The income approach should be applied and afforded significant weight under the following circumstances:

(a) The income-producing ability of the asset is the critical element affecting value from a participant perspective, and/or

(b) Reasonable projections of the amount and timing of future income are available for the subject asset, but there are few, if any, relevant market comparables.

Income Approach Methods

i. Discounted Cash Flow (DCF) Method

Under the DCF method, the forecasted cash flow is discounted back to the valuation date, resulting in a present value of the asset. Additionally, Terminal Value is added to cash flow as per appropriate methodology such as Gorden Growth Model, etc.

ii.  Capitalization of the Cash Flow Method

The Capitalization of Cash Flow Method is most often used when a company is expected to have a relatively stable level of margins and growth in the future – it effectively takes a single benefit stream and assumes that it grows at a steady rate into perpetuity.

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C. Cost Approach:

The cost approach provides an indication of value using the economic principle that a buyer will pay no more for an asset than the cost to obtain an asset of equal utility, whether by purchase or by construction, unless undue time, inconvenience, risk or other factors are involved. The approach provides an indication of value by calculating the current replacement or reproduction cost of an asset and making deductions for physical deterioration and all other relevant forms of obsolescence.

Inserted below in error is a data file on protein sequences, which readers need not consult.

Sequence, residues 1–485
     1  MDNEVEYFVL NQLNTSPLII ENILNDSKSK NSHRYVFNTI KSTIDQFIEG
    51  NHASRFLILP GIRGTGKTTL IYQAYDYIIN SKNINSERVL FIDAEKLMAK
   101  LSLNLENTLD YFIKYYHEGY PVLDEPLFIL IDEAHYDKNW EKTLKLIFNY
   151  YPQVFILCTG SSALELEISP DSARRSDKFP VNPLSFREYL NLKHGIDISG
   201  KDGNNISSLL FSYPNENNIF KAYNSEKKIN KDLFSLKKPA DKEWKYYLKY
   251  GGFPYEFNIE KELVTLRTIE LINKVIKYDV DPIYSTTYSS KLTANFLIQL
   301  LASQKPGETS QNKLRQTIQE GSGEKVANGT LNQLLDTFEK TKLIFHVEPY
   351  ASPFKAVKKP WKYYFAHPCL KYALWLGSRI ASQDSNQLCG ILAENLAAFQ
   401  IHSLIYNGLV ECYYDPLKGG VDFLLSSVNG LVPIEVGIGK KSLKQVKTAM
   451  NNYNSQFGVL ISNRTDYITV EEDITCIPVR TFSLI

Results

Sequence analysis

The cost approach should be applied and afforded significant weight under the following circumstances:

(a) Participants would be able to recreate an asset with substantially the same utility as the subject asset, without regulatory or legal restrictions, and the asset could be recreated quickly enough that a participant would not be willing to pay a significant premium for the ability to use the subject asset immediately.

(b) the asset is not directly income-generating and the unique nature of the asset makes using an income approach or market approach unfeasible, and/or

(c) the basis of value being used is fundamentally based on replacement cost, such as replacement value.

Methods of Cost Approach:

i. replacement cost method:

A method that indicates value by calculating the cost of a similar asset offering equivalent utility.

ii. reproduction cost method:

A method under the cost that indicates value by calculating the cost to recreating a replica of an asset, and

iii. summation method:

A method that calculates the value of an asset by the addition of the separate values of its component parts.